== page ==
Garden entering a new phase in a long history
By Valarie Schwartz
The struggles to begin the N.C. Botanical Garden were as troublesome for C. Ritchie Bell as the exotic invasives that now strangle many Southern gardens, but many of the details have burrowed as deeply as kudzu roots. Still, Bell was able to provide an oral history on Feb. 1 in the garden’s Totten Center for members of the N.C. Native Plant Society.
“We had the garden as an idea,” Bell said as he addressed several dozen in attendance. Bell was hired into the botany department in 1951 and served as the garden’s founding director until his retirement in 1986. He said that Dr. W.C. Coker, who in 1903 became the first professor of botany at UNC, generated the idea.
Land south of the campus was dedicated for development of a botanical garden in 1952, and though “money was hard to come by,” Bell said, the trustees passed a resolution to start a garden.
When it came to legislation, Bell had a hard time cutting through the red tape. In 1966, he presented a plan to Chancellor J. Carlyle Sitterson asking for $70-80,000, but “the university, as always, was tight for money,” Bell explained.
His funding request was turned down — but he and the future garden had a friend in William Lanier Hunt, who had “a friend in the state Legislature,” and the bottom line, which Bell spelled out in detail, is that the university’s budget for that year passed because money for the garden was included in it.
“That’s how we lucked out and got the botanical garden started — political power and one telephone call,” Bell said before he thanked everyone in attendance for supporting the garden and sat down.
But the history lesson continued as Ken Moore, the first employee of the garden, hired in 1971, shared his early memories of the garden before Bell’s successor, Peter White, led everyone on a tour of the Education Center projected for completion in June.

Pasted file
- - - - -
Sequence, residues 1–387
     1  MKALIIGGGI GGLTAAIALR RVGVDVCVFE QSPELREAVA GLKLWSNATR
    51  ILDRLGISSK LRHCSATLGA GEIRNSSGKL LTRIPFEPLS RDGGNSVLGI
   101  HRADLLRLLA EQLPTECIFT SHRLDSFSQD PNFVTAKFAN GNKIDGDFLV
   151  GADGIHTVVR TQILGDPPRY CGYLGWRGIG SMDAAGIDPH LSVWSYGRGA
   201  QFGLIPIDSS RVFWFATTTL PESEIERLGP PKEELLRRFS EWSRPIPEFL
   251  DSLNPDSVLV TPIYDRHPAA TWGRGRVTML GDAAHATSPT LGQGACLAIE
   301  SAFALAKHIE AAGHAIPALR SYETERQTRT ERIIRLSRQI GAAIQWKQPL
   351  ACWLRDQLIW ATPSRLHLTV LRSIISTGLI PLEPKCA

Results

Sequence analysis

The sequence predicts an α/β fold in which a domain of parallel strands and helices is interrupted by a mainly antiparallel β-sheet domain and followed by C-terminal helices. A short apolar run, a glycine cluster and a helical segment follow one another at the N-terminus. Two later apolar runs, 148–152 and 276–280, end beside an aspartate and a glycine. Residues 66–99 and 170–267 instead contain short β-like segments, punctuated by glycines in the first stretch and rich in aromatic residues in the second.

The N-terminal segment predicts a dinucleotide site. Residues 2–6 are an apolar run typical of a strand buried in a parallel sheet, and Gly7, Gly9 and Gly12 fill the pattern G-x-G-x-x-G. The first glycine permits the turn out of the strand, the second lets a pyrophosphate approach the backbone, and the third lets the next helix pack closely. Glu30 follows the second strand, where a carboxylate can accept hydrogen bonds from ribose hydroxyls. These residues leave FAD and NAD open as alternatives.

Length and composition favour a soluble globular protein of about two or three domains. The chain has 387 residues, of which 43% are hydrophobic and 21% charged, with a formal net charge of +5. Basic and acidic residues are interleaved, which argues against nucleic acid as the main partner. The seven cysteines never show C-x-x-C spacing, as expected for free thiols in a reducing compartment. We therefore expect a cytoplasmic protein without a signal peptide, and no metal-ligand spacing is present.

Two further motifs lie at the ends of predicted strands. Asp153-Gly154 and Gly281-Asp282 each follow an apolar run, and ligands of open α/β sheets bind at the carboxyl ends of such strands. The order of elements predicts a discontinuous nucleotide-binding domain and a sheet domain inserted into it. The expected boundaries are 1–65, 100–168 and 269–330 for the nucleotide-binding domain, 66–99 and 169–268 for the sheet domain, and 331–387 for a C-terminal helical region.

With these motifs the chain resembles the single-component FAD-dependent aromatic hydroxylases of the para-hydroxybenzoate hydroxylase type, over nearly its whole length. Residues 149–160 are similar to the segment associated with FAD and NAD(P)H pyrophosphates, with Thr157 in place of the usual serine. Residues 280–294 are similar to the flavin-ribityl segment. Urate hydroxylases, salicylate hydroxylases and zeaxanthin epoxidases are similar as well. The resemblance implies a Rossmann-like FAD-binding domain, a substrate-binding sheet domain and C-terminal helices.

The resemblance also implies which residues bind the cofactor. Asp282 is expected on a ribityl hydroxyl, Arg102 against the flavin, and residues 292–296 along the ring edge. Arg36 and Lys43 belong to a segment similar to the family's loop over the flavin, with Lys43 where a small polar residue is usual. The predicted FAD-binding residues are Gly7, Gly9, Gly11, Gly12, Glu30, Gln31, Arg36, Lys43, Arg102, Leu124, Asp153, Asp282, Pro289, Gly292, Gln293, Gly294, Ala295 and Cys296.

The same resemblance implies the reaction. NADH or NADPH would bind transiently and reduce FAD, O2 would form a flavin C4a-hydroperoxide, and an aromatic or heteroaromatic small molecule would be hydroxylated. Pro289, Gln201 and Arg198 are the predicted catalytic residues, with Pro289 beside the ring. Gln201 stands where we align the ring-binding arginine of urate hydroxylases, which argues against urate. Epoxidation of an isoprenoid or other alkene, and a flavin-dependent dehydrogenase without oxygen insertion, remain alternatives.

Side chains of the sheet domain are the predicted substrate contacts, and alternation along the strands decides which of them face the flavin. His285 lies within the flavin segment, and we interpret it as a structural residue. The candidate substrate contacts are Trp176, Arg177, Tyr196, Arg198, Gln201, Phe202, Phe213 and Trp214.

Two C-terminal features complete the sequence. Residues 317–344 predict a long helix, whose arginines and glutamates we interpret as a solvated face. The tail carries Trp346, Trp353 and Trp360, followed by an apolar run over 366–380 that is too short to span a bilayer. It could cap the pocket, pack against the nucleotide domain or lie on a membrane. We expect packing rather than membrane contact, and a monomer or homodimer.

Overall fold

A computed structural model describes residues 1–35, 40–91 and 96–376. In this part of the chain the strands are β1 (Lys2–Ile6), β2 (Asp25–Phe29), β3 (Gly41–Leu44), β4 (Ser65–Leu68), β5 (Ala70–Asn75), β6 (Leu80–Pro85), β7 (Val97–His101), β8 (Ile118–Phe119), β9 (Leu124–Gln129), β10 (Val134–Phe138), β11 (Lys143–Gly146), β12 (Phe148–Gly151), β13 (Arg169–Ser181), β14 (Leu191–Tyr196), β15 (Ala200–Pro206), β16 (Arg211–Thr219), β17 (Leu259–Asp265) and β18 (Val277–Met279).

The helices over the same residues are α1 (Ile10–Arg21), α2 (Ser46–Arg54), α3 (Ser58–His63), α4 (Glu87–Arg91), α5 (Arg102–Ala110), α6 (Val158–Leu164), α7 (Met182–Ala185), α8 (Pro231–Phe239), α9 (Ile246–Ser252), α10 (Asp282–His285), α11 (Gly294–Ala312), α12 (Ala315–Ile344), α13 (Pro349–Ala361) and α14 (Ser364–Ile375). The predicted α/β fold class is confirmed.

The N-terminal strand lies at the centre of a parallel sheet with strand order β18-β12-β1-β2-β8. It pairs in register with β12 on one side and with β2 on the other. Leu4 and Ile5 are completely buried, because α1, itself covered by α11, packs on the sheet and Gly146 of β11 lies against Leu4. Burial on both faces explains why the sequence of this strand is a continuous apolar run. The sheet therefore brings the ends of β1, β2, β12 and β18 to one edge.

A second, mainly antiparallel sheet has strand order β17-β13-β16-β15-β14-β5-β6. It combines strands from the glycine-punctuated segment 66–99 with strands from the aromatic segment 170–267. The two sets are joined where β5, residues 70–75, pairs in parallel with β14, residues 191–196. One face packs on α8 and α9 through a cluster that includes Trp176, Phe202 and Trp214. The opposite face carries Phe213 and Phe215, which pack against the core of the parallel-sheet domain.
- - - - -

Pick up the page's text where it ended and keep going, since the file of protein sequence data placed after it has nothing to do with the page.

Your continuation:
White’s enthusiasm for the first LEED (Leadership in Energy and Environmental Design) platinum building in the UNC system spread through the group even after traversing a muddy trench to stand in chilly breezeways that one of these days will sport rocking chairs and tea trolleys along with a view of the sycamore-studded nature trail.
The $12-million project far exceeds imaginings held by Coker or Bell, but like them White and the current staff continue the search for dream-supporting money.
“It is a privately fund-raised building,” White said. “There are no public dollars in this building. We’ve raised $10 million and we’re looking for the last $2 million.”
Naming opportunities that help create a legacy are one of the ways money is raised and, “We have some really neat spaces to inspire donors,” White said.
The 29,696-square-foot Education Center includes three buildings connected by breezeways — the classroom building, public service building and (the only named building thus far) Reeves Auditorium, where one can visualize many enchanting gatherings in coming years. Tables and cabinets from the renovation of the chancellor’s house will be brought in but more money is required for furniture and landscaping, which will take years to properly cultivate — with native plants of course.
Economically speaking, the path is thorny.
“Our major gifts are down,” said Charlotte Jones-Roe, associate director for development. “The number of large gifts dropped precipitously a year ago. The world has changed.”
Even if your gift won’t support the naming of a room, a green elevator or a cistern, any measure of giving will help toward realizing this goal. And who knows — maybe you’ll make it into the next chapter of history!
Learn more at ncbg.unc.edu.
Contact Valarie Schwartz at valariekays at mac dot com
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